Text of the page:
Khadijah Lynch, James Baldwin, and the Rage of Internet Commenters
I find solace in the words of James Baldwin.
Just before Christmas, as I read the news of “outrage” over Brandeis student Khadijah Lynch’s Tweets in the aftermath of the assassination of two New York City police officers, I thought of James Baldwin.
Ms. Lynch declared "i have no sympathy for the nypd officers who were murdered today" and "lmao, all i just really dont have sympathy for the cops who were shot. i hate this racist fucking country."
The remarks seem monstrous. The officers, Wenjian Liu and Rafael Ramos, were murdered in cold blood. The killer’s statement to bystanders just prior to the ambush, “watch what I’m going to do,” is something only the darkest imagination could even conjure for a movie.
The very madness of it disorients me to the world.
The only sane reaction is horror at the act and sympathy for the families and loved ones of the murdered officers. It’s what I felt. It’s a terrible tragedy, senseless and brutal. The failure of empathy on the part of Khadijah Lynch shocks the conscience.
For a moment, it shocked mine anyway. I wondered how anyone could say such a thing.
But I soon remembered that Khadijah Lynch is a human being just like me, that she is not a monster anymore than I am. She is as capable of empathy as anyone, and yet not in that moment, not in that case.
What causes the otherwise sane to act insane?
I thought of James Baldwin.
I wasn’t alone in thinking about James Baldwin. As I read further down the Inside Higher Ed report on the controversy, I saw that the Brandeis African and Afro-American Studies (AAAS) Department had invoked Baldwin in their statement on Ms. Lynch’s comments, in which they expressed their condolences to the families and loved ones of the murdered officers.
They did not condone Ms. Lynch’s Twitter comments in any way, but they sought to offer context:
In 1961, the great American writer James Baldwin poignantly noted that, “To be a Negro in this country and to be relatively conscious is to be in a rage almost all the time.” While it may be easy and convenient at this emotionally charged moment to condemn Ms. Lynch, we must also strive to understand why she would make these comments. This means openly and honestly recognizing the very real pain and frustration that many young people of color struggle with in trying to navigate their place in a society that all too often delegitimizes their existence.
The Brandeis AAAS Department recognized Ms. Lynch’s statements for what I believe they are, not expressions of anger, but of the deepest pain and despair.
What else could explain such monstrousness?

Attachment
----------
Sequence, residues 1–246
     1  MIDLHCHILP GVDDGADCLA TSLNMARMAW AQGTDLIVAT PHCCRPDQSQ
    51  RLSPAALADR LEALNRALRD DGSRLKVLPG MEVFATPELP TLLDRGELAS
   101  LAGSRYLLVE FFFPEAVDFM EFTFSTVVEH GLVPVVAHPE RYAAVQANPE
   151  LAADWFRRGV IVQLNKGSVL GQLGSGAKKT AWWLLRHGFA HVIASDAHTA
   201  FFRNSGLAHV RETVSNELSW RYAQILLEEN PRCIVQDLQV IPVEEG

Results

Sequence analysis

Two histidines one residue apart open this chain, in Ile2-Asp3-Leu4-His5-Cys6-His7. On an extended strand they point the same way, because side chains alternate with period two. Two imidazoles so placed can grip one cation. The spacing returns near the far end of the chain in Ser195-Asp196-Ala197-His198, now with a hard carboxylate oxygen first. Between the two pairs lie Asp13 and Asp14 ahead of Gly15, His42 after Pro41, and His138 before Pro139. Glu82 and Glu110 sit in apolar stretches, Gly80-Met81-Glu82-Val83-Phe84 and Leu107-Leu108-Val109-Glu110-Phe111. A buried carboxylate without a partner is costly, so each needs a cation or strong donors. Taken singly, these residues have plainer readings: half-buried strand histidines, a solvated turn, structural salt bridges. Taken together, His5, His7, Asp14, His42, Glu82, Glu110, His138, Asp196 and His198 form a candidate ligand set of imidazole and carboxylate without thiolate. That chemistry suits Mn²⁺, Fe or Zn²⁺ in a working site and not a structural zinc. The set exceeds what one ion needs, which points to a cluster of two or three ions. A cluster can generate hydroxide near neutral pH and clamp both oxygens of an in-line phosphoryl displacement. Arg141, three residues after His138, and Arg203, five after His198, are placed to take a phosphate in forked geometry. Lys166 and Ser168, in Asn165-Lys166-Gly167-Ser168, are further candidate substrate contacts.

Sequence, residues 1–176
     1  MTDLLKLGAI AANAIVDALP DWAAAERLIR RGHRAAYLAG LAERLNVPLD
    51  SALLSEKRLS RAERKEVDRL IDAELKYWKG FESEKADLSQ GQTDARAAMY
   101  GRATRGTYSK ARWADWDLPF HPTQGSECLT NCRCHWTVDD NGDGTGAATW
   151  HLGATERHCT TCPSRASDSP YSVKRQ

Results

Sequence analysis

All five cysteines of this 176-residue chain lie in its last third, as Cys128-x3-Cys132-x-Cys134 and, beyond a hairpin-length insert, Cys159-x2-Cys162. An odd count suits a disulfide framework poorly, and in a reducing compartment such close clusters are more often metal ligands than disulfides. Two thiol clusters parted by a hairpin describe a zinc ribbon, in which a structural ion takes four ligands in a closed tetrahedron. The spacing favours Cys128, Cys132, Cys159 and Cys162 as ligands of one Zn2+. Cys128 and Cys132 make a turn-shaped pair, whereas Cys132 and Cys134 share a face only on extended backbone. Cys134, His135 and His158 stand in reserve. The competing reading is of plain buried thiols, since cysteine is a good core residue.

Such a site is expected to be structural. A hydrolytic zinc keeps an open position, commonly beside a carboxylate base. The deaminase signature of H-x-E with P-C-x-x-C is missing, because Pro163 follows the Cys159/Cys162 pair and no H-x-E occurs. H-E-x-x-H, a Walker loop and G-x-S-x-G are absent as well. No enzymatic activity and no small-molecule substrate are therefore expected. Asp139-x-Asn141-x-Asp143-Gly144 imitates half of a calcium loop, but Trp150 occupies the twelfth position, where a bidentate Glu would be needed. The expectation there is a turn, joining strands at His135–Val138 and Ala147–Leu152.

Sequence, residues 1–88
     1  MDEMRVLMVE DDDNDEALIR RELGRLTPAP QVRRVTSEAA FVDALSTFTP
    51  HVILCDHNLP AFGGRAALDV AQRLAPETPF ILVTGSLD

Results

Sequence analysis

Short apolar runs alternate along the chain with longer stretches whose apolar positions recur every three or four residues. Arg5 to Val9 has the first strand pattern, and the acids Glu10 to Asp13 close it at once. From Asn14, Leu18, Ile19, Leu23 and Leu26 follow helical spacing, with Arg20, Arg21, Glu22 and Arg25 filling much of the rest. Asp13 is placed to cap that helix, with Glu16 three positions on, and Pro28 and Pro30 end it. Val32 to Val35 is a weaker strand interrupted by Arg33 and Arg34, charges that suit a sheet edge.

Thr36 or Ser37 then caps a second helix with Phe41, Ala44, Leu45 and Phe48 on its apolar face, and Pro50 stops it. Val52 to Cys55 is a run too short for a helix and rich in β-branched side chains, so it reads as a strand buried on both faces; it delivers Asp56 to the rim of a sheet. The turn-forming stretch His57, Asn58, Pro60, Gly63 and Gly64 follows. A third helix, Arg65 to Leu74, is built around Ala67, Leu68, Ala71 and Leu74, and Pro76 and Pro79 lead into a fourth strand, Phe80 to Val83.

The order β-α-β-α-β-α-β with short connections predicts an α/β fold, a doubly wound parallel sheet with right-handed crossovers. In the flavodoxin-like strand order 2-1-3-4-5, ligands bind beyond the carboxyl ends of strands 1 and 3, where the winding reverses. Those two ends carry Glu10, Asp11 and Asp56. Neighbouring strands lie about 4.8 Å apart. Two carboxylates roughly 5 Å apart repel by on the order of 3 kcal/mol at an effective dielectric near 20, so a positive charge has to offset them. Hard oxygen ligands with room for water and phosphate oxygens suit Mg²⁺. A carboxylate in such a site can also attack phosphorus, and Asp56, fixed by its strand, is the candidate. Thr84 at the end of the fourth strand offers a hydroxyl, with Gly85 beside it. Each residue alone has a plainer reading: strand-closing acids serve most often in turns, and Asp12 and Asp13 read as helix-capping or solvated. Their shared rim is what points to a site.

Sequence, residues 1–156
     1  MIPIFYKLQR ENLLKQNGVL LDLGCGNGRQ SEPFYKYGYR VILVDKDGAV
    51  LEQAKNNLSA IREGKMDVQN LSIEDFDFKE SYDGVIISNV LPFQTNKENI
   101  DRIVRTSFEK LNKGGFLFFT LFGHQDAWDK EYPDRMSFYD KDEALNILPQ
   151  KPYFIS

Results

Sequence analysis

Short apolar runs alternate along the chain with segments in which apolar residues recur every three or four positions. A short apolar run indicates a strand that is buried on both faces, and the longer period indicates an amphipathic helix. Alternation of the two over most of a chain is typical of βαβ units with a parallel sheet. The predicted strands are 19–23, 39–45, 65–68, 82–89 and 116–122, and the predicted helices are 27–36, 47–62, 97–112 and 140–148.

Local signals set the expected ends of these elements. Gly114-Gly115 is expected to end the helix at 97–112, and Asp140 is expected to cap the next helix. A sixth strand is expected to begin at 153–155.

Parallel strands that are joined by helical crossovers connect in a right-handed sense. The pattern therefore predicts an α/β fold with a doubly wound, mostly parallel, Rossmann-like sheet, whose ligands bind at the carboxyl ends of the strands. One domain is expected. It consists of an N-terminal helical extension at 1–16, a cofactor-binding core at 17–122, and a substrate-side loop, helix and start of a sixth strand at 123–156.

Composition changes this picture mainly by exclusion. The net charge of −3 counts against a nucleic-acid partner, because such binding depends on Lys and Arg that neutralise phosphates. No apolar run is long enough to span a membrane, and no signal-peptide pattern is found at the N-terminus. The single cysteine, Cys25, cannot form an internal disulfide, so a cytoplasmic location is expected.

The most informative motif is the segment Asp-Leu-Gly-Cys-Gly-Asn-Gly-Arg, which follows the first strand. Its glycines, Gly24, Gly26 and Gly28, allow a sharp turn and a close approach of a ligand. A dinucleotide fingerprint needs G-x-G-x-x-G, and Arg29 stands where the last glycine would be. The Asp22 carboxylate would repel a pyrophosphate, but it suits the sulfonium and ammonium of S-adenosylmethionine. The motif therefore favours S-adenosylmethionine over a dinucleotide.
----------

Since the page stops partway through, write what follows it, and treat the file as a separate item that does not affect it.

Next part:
The commenters on the Inside Higher Ed article have some ideas, starting with liberalism and “leftists” who create a “cult of victimhood.”
In this narrative, Khadijah Lynch has been victimized by her grievance-mongering professors, a promising young woman with a bright future has been poisoned by exposure to these university faculty.
According to these commenters, we have moved beyond the time of Baldwin. The problem of Civil Rights has largely been solved:
“Statements like this is what causes so many of us to roll our eyes. This is not 1961, nor is the racism faced by Ms. Lynch anything near what James Baldwin lived through and experienced, not only as a Black man but a gay Black man. I don't fault Ms. Lynch, though, as her young head of mush has been filled with this seething, loathing, and misspent anger probably since birth, fomented and fostered by "teachers" like those at the AAAS and every politician who sees this historic grievance as a political well. As Dylan said under different circumstances, "She's only a pawn in their game."
“Whatever racism that exists today in society is a translucent shadow of the racism that existed in 1961. We should stop pretending that they are equivalent.”
“If literally over a half century of deliberate attempts at reparations, Affirmative Action, creation of departments such as The African and Afro-American Studies Department everywhere, and the spending of over $1 Trillion during that time has not resulted in any lessening of that rage; it is only rational to step back and consider the lack of efficacy of the effort. Is the effort merely teaching African Americans that rage and hatred are effective tools in dominating a segment of our society and culture? Do organizations such as AAAS stoke and maintain that rage and hatred? Is there any logical reason for society to continue beyond that half century [two generations of African Americans having come to adulthood under it, and a third on the way] since the results have been so poor? Is there any logical end point for those efforts, or are they eternal? Should society concentrate on maintaining objective standards of performance and not try to grant preferences based on race for ANYONE?”
Commenters hope that Khadijah Lynch’s comments follow her forever, causing a lifetime of unemployment.
She should be expelled. She should even be investigated by the FBI.
I read these comments, and I think of James Baldwin.
Baldwin is one of our most important figures in the history of the Civil Rights Movement, and yet he was not an activist.
The word he chose for himself was “witness.” As an artist, his role was to both observe and testify, to see the world with the clearest of eyes, and then to reflect that world back to itself.
One of the most important things he witnessed in his work was that the sin of slavery was not only visited on Black Americans, but on White ones as well.
In Baldwin’s famous essay, “The American Dream and the American Negro,” he even empathizes with Sheriff Jim Clark of Selma, Alabama, a man who used a cattle prod on Black women who were seeking to exercise their legal right to vote.
“Sheriff Clark in Selma, Ala., cannot be dismissed as a total monster; I am sure he loves his wife and children and likes to get drunk. One has to assume that he is a man like me. But he does not know what drives him to use the club, to menace with the gun and to use the cattle prod. Something awful must have happened to a human being to be able to put a cattle prod against a woman's breasts. What happens to the woman is ghastly. What happens to the man who does it is in some ways much, much worse.”